By Anand Vasu
The moment that turned the match, that sealed India’s place in the final four of the 2019 World Cup came in the 34th over of Bangladesh’s chase. The world’s best allrounder, Shakib al Hasan, who has taken his batting to a whole new level in this tournament, was outfoxed by the man hoping to lay claim to his title. Hardik Pandya, seeing Shakib move to leg to make room to free his arms and hit inside out, followed the batsman with a slower ball. All Shakib could do was chip the ball to the fielder in the ring.
On the face of it, it appeared that Shakib (66) had just momentarily lost it, perhaps trying to up the ante. But, in truth, Pandya the bowler had been building up to this. While he does not swing the ball extravagantly, seam it significantly or generate the kind of pace that would be enough to blast out batsmen, Pandya does just enough of all of these things to be a more-thanhandy customer in these conditions.
When India play at home, more often than not, Pandya is a batting allrounder. His approach to batting, where he hangs back deep in his crease, feet locked into position, long levers unlocked to enmesh timing and power, are perfect on slow and low pitches.
He can clear most boundaries with ease and bowling spin to him in those conditions is almost not an option any longer.
However, in England, especially in this World Cup where you face a new opposition each game, play in different sized grounds, in varying atmospheric and pitch conditions, Pandya’s batting has taken a bit of a back seat.
It is not as though he hasn’t had his moments.
Against Australia, it was Pandya who brought that intimidating X-factor to the table, hammering 48 off only 27 balls, taking India’s total from a good one to one that intimidated even the five-time world champions.
But, by and large, it has been his bowling that has given Virat Kohli the most value in this tournament.
Kedar Jadhav, who was in the mix till India’s most recent match, against Bangladesh, has largely not been seen as a viable bowling option. On a slow, sticky surface against Afghanistan, where you would imagine Jadhav’s right-arm below-the-belt bowling would have been perfect, he was not used at all. In all, the captain has only seen it fit to bowl Jadhav for six overs, four of which came in one game, for 34 wicket-less runs.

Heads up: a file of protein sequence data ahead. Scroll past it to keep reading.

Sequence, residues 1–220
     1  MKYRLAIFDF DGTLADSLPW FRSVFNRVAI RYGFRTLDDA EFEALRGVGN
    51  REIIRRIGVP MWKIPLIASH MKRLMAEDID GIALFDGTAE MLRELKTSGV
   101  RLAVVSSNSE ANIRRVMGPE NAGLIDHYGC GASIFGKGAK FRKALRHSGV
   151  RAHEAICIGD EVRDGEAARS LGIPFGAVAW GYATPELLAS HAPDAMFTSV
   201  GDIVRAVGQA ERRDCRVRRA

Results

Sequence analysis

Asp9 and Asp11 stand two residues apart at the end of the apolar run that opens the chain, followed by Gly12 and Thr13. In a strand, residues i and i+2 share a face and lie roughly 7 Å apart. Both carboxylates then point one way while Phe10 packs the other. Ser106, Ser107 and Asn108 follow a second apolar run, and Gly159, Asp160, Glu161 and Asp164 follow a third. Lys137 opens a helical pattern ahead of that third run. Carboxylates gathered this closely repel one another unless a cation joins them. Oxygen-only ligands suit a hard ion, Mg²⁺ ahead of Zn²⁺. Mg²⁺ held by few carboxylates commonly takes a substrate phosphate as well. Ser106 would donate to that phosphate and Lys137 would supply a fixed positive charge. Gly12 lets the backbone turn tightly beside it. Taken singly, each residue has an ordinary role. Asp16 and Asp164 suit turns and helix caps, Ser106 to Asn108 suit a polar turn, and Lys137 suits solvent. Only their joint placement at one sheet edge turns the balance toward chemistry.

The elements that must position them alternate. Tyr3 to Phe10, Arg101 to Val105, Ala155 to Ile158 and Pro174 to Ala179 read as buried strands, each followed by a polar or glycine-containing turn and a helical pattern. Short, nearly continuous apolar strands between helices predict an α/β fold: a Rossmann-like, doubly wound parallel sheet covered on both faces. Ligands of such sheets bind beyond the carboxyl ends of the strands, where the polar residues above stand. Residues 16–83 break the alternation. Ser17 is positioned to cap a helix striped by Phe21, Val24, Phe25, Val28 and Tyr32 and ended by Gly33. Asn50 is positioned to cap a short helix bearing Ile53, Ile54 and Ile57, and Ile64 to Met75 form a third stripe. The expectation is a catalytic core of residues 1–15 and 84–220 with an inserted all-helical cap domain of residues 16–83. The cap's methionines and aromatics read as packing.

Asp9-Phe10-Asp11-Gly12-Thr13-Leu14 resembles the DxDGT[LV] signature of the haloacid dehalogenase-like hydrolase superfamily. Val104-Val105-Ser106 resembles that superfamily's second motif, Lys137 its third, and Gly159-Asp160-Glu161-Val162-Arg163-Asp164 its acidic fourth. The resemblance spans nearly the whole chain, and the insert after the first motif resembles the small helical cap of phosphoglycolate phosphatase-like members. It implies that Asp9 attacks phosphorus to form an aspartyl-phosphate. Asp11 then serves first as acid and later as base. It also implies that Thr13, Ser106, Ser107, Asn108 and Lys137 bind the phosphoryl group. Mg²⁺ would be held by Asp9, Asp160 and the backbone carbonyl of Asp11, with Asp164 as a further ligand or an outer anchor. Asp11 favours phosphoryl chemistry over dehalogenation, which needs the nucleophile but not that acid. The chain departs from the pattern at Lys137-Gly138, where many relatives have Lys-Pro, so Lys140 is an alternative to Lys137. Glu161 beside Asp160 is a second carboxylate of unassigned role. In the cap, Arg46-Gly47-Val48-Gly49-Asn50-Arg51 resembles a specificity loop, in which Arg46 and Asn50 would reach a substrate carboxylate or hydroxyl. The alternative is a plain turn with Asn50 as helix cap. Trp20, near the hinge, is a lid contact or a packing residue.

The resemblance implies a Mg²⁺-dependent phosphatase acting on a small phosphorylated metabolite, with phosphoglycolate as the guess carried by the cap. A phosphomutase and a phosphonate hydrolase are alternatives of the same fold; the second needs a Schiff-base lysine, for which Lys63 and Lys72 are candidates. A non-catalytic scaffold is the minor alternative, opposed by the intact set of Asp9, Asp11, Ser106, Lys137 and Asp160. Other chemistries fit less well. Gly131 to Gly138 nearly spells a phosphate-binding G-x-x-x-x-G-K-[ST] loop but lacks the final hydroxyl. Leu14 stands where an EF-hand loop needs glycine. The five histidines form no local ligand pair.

With Jadhav more or less going unutilised, Pandya has gone from being an option to a certainty to bowl 10 overs. And, given this new role, he has adapted excellently. India’s logjam at the top, with Mohammed Shami coming in to replace the injured Bhuvneshwar Kumar and doing well, alongside golden boy Jasprit Bumrah, could have led to instances where Pandya was not really needed.
But, until the game against Bangladesh, in which India did some course correction to insure against a short boundary in Edgbaston, Pandya has been called upon to bowl quite early in the innings, through the middle overs and occasionally even nip in for a short burst towards the death.
At different times in the innings, Pandya has adapted his bowling style. Early on, with the ball still semi-new, he does look to see if there is any assistance for him, in the air, and keeps the ball up, looking for swing. If there is no help, and when he is bowling later into the innings, Pandya reverts to the more subcontinental bag of tricks, variations of pace, cutters, change in angles and at no point has he disappointed.
“We experienced that Hardik, when put under pressure, has come back really well in this tournament…” Kohli said. “He finds a way to contain the runs and get you wickets. He’s really looking forward to do stuff for the team, that’s really helping his cricket.
When he comes to bowl, he thinks like a batsman. He actually wants the ball under pressure because he thinks like a batter, so he can check their body language and know what to bowl and when. He’s bowling really well for us.”
Bharat Arun, India’s bowling coach, was similarly effusive. “It was a big challenge for him to bowl those 10 overs, and he realised that to be able to bowl those 10 overs he needed to develop a certain armoury in his bowling,” said Arun.
“He’s worked on his slow balls, his slow bouncers, and he’s also worked on perfecting his bouncers.
All these put together have given him the confidence to go through those 10 overs.”
And equally importantly, it has given the captain the confidence to bank on 10 solid overs from his allrounder.
(Disclaimer: The opinions expressed in this column are that of the writer. The facts and opinions expressed here do not reflect the views of www.economictimes.com.)